The MPC does not permit conviction for both conspiracy and the target crime except in rare cases. Thus, in effect conspiracy does merge into the target crime under the MPC. MPC §1.07(1)(b). It takes the view that, once a criminal group has committed the object crime, the group’s dangerousness should be measured by the same punishment as provided for the object offense. However, a defendant may be convicted of as many target offenses as are committed in furtherance of the conspiracy whether as perpetrator or an accomplice.
In unusual situations, however, the MPC does permit punishment for both conspiracy and target offenses. If the conspiracy had a goal of committing unspecified future crimes, the MPC permits the government to convict and punish its members for both the conspiracy and any object crimes committed or attempted. MPC §1.07(1)(b). (Note, however, that the MPC does not permit conviction for both conspiracy and an attempt to commit the target crime. MPC §5.05(3).)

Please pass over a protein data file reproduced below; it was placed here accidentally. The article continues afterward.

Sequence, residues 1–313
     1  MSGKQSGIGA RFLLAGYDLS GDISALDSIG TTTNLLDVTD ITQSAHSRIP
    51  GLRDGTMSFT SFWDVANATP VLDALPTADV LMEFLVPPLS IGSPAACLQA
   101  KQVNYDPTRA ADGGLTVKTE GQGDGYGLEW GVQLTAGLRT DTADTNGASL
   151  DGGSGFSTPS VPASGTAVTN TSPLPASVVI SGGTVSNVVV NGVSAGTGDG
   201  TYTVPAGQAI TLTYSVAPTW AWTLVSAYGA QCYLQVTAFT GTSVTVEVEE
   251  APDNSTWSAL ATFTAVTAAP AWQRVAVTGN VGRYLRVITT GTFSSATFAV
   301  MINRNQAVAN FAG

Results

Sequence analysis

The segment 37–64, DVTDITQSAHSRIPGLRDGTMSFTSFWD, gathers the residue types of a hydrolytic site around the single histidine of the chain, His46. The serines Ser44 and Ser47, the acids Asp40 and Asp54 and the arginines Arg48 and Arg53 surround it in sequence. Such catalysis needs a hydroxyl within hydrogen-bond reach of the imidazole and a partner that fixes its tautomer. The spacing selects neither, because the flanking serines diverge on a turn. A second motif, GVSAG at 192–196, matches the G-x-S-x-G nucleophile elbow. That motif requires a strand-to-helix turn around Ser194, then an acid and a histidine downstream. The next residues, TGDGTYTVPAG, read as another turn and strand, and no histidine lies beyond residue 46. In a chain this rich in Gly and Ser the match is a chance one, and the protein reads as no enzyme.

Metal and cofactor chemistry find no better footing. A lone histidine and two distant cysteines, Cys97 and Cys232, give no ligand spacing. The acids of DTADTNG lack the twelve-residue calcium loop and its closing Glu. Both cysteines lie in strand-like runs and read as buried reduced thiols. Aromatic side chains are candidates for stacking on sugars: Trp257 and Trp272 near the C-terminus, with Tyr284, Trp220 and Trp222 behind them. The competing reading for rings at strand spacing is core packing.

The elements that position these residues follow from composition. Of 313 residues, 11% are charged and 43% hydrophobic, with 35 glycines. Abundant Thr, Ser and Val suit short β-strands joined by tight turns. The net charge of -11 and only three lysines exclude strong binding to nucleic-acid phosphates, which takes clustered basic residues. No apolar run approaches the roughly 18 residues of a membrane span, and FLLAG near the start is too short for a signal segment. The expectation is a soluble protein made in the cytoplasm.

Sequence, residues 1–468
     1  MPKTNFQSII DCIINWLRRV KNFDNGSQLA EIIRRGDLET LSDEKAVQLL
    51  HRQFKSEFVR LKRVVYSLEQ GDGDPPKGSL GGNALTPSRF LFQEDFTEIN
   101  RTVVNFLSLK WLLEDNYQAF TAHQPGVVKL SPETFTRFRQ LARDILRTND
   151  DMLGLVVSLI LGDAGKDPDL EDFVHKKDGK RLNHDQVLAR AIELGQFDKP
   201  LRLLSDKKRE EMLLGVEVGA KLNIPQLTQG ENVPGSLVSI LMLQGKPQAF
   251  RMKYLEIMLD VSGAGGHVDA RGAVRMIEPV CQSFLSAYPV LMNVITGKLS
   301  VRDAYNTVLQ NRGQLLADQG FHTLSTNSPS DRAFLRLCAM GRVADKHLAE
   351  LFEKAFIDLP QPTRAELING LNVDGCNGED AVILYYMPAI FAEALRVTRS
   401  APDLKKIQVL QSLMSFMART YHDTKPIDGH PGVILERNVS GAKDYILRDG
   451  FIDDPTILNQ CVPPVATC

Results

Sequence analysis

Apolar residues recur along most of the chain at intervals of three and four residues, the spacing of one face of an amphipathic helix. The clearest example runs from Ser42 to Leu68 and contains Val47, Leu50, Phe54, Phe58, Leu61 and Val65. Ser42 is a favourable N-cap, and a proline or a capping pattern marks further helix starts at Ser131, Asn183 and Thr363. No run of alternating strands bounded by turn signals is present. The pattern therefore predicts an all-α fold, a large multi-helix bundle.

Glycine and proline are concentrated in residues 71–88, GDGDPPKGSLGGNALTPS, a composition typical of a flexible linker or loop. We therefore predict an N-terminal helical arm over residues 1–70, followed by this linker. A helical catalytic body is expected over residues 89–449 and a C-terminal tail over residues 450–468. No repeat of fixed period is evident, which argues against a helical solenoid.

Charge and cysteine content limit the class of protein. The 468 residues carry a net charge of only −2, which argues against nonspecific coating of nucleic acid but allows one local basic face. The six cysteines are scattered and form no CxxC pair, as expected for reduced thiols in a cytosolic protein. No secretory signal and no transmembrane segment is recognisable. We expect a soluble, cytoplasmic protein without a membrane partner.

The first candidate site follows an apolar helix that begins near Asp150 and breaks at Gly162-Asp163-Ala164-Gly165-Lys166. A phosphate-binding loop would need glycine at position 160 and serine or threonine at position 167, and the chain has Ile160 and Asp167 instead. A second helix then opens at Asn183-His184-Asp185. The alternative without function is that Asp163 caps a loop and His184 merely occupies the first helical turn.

Conspiracy affords prosecutors a number of significant advantages in trying criminal cases. Some of the more important ones are discussed below.
The Sixth Amendment to the Constitution provides that an accused has the right to trial “by an impartial jury of the state and district wherein the crime shall have been committed.” This important constitutional protection requires the prosecutor to file charges and to try the case where the crime was committed.
The crime of conspiracy, however, is deemed to have been committed in any jurisdiction (or in the federal system in any district) in which any member of the conspiracy committed an act in furtherance of the conspiracy—even an act that was not itself a crime. This rule gives prosecutors, particularly federal prosecutors who often are dealing with conspiracies that they allege span several states, a tremendous tactical advantage. Frequently, there will be more than one such venue where an act connected to the crime has allegedly been committed and where, consequently, the case can be tried.